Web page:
ana torfs

Du mentir-faux, 2000

installation view, Fotomuseum, Winterthur, 2007

What strikes me about a trial is the deluge of words around a silence. 'Did this woman kill her husband?' For days the truth is sought, while the woman knows it and allows herself to be entrapped, attacked and defended. Every work of art is conceived like this, around a silence - a silence which knows but which keeps the secret for the sake of the lie it fears, that turns it inside out, depriving it of its support.
(Georges Perros, ‘Papiers collés,’ 1960)

DU MENTIR-FAUX consists of an installation with slide projections and a book. The slide projections show a long series of black and white portraits. An extremely sober composition: a series of portraits of a young woman, quiet, without attributes. Her face conveys suffering. The acting, the pose were reduced to their essence, as if inviting the spectator to decipher the code. From time to time, the series is interspersed with texts containing questions. Something in the young woman’s pose, style and hairdo sparks a feeling that is confirmed when we glance in the accompanying book: we’re looking at a portrait of Joan of Arc - a theme to which Ana Torfs had already devoted a short video in 1988. The questions, so tormenting the protagonist, turn out to be quotations from the reports of the inquisition trial carried out against her in the 15th century.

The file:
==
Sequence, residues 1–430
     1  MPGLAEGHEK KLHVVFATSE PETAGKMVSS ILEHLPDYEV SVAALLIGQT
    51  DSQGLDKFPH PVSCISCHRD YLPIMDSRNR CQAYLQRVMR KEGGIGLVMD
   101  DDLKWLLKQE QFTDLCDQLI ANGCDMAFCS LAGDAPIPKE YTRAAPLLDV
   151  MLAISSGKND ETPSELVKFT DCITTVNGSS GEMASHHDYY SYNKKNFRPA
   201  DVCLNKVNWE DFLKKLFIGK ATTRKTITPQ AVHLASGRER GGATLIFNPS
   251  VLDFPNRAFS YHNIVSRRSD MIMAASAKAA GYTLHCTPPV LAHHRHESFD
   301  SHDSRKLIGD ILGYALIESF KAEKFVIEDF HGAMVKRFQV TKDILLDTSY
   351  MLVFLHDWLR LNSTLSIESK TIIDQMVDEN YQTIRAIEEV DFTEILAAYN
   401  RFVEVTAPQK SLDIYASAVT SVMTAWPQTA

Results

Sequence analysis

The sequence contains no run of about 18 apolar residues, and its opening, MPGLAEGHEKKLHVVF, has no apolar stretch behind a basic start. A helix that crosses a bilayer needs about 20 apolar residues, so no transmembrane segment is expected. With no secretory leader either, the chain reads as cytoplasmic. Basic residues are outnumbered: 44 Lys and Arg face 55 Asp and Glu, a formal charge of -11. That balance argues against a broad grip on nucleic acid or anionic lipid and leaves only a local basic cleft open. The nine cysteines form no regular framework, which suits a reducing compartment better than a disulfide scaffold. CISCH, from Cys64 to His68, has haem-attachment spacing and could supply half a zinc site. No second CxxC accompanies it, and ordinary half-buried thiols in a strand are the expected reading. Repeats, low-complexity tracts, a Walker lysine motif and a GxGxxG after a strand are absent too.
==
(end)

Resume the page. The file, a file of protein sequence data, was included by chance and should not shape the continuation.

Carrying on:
The book, with an introductory essay by Dirk Lauwaert, comprises, apart from a selection by Torfs from these trial reports, an autobiographical text by her own hand, in which she bears witness of her fascination for the figure of Joan of Arc: not as the political or national symbol, but rather as the all too physical, self-willed yet ultimately defenceless victim of an all powerful system. The title DU MENTIR-FAUX (About Lying Falsehood) is not a quote, but it alludes to the tautological style of medieval texts which is so alienating to the contemporary reader; Jeanne d'Arc’s prosecutors kept making use of notions like ‘fiction mensongère’ (mendacious fiction) or ‘feindre mensongèrement’ (mendaciously pretending). DU MENTIR-FAUX can also be understood as a reference to the impossibility, in spite of all the testimonials and documents, of getting at the truth, or in a broader sense to the insoluble tension between fiction (constructing, pretending, lying…) and genuine reality.

(Catherine Robberechts, press text Palais des Beaux-Arts, 2000)

installation with black and white slide projections, projection socle, +/- 20 minutes, loop, digitally controlled, variable dimensions, text slides available in English or French
artist’s book on reading stand/table in French/Dutch/English

actress appearing in slide photographs
Dominique Licoppe